"Yes, chick," was the prompt response, "generally when I'm lying down at night in the bush, looking up at the stars. And I daresay it does 'denote laziness,' as Aunt Elizabeth says. But at the same time I think it really doesn't matter to God whether one is lying down or sitting up, or on one's knees when we pray to Him."

"Oh, Uncle Tom! Are you quite sure?"

"Dead sure, little woman-as sure as ducks are ducks-especially when little girls are tired."

"Then I'll say my prayers lying down."

She clasped her two little sunbrowned hands together and said the Lord's Prayer, and then paused.

"Shall I say the extrack?"

"The extrack?"

"Yes, the extrack from the Catechism. Aunt Elizabeth composed some of it."

"Oh! she composed some of it, did she? Yes, by all means say 'the extract.'"

The child closed her eyes again, and began very slowly:

"'Before I slumber, O Lord, I comment myself to Thy care and protection, however unworthy and thoughtless my conduct has been during the day now closed.'" ("That's Aunt Elizabeth," muttered Gerrard under his breath.) "'I will try hard to hasten my rebellious spirit,-no not hasten, but chasten-I always say that wrong, Uncle Tom-to reverently submit myself to all my governors, teachers, spiritual pastors and masters: to regulate my conduc', and demean myself with all humility; to keep my hands from picking and stealing, to recollect that I may be called this night before, Thee to answer for my many sins and transgressions.' That's all Uncle Tom."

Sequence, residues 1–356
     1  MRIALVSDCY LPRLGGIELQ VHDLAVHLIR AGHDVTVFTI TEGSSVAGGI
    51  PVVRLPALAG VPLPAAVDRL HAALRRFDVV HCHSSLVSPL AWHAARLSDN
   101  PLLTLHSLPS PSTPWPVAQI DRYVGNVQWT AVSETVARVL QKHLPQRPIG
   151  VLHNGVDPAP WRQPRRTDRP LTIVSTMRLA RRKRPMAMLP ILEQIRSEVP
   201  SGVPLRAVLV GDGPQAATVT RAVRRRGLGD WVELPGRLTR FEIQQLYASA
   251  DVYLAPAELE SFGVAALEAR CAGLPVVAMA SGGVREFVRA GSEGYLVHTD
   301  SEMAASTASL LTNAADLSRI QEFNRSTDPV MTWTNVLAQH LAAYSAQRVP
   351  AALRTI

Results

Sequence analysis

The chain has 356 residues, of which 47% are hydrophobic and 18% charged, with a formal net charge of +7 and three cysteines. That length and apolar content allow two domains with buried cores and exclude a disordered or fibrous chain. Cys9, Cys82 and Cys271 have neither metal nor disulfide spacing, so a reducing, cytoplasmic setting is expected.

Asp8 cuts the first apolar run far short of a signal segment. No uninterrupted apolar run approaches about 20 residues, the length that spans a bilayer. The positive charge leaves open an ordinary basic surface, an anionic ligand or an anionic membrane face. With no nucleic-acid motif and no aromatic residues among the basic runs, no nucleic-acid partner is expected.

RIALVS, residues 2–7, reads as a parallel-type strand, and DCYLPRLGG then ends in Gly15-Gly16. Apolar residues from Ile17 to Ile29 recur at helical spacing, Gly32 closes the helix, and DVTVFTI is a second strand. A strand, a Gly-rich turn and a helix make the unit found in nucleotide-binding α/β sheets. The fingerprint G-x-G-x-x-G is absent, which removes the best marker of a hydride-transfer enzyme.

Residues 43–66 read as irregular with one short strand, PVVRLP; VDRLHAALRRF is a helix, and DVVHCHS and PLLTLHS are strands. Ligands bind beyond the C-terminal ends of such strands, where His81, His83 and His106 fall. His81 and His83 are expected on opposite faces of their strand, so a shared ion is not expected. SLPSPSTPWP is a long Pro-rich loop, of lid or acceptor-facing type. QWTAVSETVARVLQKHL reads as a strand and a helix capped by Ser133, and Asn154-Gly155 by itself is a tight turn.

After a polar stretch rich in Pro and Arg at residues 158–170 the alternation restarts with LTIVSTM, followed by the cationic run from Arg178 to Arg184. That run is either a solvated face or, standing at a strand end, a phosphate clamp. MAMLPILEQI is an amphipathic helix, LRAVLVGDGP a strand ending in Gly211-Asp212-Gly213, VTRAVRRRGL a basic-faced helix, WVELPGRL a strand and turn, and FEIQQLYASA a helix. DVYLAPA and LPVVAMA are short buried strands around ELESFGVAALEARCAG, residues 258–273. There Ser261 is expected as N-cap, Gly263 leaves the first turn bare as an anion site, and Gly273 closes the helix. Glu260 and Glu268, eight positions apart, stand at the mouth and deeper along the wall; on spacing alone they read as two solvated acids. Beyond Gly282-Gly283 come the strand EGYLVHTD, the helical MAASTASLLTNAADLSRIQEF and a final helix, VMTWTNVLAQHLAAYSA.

Gerrard listened with the utmost gravity.

"That's all right, Mary; but I think it is a bit too long a prayer for very little girls. Now, by and by, I'll teach you a new prayer."

"A new prayer! Oh, that will be nice! Sometimes Uncle Westonley let's me pray for Bunny."

"Who is Bunny?"